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Because his Kentucky plantation is encumbered by debt, Mr. Shelby makes plans to sell one of his slaves to his chief creditor, a New Orleans slave dealer named Haley. The dealer shrewdly selects Uncle Tom as partial payment on Shelby’s debt. While Haley and Shelby are discussing the transaction, Harry, the son of another slave, Eliza, comes into the room. Haley wants to buy Harry too, but at first Shelby is unwilling to part with the child. Eliza hears enough of the conversation to be frightened. She confides her fears to George Harris, her husband, a slave on an adjoining plantation. George, who is already bitter because his master has put him to work in the fields when he is capable of doing better work, promises that someday he will have his revenge on his hard masters. Eliza has been brought up more indulgently by the Shelbys, and she begs George not to try anything rash.

After supper, the Shelby slaves gather for a meeting in the cabin of Uncle Tom and his wife, Aunt Chloe. They sing songs, and young George Shelby, who has eaten his supper there, reads from the Bible. In the big house, Mr. Shelby signs the papers making Uncle Tom and little Harry the property of Haley. Eliza, upon learning her child’s fate from some remarks made by Mr. Shelby to his wife, flees with Harry, hoping to reach Canada and safety. Uncle Tom, hearing that he has been sold, resigns himself to the wisdom of Providence.

The next day, after Haley discovers his loss, he sets out to capture Eliza. She has a good head start, however, and Mrs. Shelby purposely delays Haley’s pursuit by serving a late breakfast. When Eliza catches sight of her pursuers, she escapes across the partially frozen Ohio River by jumping from one piece of floating ice to another, with young Harry in her arms. Haley hires two slave catchers, Marks and Loker, to track Eliza and Harry through Ohio. If they catch her and her son, they are to be given Eliza as payment for their work. They set off that night.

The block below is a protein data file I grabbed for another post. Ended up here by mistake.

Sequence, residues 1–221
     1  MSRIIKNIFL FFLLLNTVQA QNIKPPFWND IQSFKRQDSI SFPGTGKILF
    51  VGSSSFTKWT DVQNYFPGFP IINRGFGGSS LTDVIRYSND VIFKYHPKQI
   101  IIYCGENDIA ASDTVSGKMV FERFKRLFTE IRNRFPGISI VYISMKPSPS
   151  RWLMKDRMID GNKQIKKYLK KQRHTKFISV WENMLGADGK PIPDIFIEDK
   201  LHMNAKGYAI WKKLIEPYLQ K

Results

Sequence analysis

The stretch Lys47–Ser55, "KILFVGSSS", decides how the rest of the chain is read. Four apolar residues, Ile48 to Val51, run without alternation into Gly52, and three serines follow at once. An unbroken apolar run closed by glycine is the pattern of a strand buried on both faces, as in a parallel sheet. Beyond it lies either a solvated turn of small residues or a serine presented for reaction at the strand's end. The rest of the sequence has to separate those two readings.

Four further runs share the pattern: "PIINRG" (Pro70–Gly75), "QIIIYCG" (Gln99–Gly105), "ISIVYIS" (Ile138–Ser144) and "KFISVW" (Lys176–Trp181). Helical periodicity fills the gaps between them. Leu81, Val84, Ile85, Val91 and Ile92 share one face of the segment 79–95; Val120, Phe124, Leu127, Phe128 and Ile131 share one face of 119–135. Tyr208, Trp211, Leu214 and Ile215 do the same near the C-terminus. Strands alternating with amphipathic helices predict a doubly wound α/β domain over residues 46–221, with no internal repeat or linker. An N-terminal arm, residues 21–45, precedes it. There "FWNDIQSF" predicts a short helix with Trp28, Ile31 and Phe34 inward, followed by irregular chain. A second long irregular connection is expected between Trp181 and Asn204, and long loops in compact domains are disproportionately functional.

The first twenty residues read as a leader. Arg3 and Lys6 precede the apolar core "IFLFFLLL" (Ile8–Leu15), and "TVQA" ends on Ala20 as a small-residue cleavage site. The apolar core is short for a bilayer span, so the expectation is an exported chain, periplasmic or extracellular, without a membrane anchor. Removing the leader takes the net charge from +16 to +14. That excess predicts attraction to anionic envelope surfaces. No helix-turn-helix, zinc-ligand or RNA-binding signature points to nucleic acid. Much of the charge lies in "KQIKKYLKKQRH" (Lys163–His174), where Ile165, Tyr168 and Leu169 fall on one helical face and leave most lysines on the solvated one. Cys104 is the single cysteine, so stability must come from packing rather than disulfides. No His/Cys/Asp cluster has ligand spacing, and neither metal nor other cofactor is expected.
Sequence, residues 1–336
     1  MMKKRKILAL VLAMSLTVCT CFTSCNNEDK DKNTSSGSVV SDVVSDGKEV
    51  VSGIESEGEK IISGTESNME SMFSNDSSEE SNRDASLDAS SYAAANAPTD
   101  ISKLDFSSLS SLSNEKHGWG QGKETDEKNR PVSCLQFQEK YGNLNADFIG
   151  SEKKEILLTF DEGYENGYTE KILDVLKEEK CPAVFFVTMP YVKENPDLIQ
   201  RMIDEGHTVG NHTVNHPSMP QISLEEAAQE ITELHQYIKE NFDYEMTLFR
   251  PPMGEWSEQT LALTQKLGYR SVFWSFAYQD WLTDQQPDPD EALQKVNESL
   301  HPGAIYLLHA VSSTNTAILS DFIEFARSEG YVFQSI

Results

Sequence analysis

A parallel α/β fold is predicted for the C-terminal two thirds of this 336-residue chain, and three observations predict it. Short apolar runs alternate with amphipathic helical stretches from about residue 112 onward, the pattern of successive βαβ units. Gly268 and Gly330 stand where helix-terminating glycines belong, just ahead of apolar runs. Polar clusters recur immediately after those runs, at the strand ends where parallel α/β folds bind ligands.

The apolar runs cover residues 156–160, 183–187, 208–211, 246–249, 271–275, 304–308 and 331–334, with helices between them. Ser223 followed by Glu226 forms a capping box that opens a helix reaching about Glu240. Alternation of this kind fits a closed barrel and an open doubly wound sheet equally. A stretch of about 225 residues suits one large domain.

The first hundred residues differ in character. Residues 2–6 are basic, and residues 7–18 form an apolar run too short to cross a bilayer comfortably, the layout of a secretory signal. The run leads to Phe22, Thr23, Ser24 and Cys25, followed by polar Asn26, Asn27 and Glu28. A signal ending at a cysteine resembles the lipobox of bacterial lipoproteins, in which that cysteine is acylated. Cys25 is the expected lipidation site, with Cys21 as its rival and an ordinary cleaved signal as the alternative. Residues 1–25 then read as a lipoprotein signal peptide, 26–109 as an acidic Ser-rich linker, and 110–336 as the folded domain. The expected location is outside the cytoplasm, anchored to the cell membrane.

Eliza and Harry, on the run, find shelter in the home of Senator and Mrs. Bird. The senator takes them to the house of a man known to aid fugitive slaves. Uncle Tom, however, is not so lucky. Haley makes sure that Tom will not escape by shackling his ankles before taking him to the boat bound for New Orleans. When young George Shelby hears that Tom has been sold, he follows Haley on his horse. George gives Tom a dollar as a token of his sympathy and tells the slave that he will buy him back one day.

At the same time, George Harris begins his escape. Light-skinned enough to pass as a Spaniard, he appears at a tavern as a gentleman and takes a room there, hoping to find help through the Underground Railroad before too long. Eliza is resting at the home of Rachel and Simeon Halliday when George Harris arrives in the same Quaker settlement.

On board the boat bound for New Orleans, Uncle Tom saves the life of young Eva St. Clare, and in gratitude Eva’s father purchases the slave from Haley. Eva tells Tom that he will now have a happy life, for her father is kind to everyone. Augustine St. Clare is married to a woman who imagines herself sick and therefore takes no interest in her daughter, Eva. St. Clare had gone north to bring his cousin, Miss Ophelia, back to the South to provide care for the neglected and delicate Eva. When they arrive at the St. Clare plantation, Tom is made head coachman.

Meanwhile, Loker and Marks are on the trail of Eliza, George, and Harry. They catch up with the fugitives, and in a fight George wounds Loker. Marks flees, and the Quakers who have been protecting the runaways take Loker along with them and give him medical treatment.

Unused to lavish southern customs, Miss Ophelia tries to understand the South. Shocked at the extravagance of St. Clare’s household, she attempts to bring order out of the chaos, but she receives no encouragement. Indulgent in all things, St. Clare is indifferent to the affairs of his family and his property. Uncle Tom lives an...

(The entire page is 1,408 words.)

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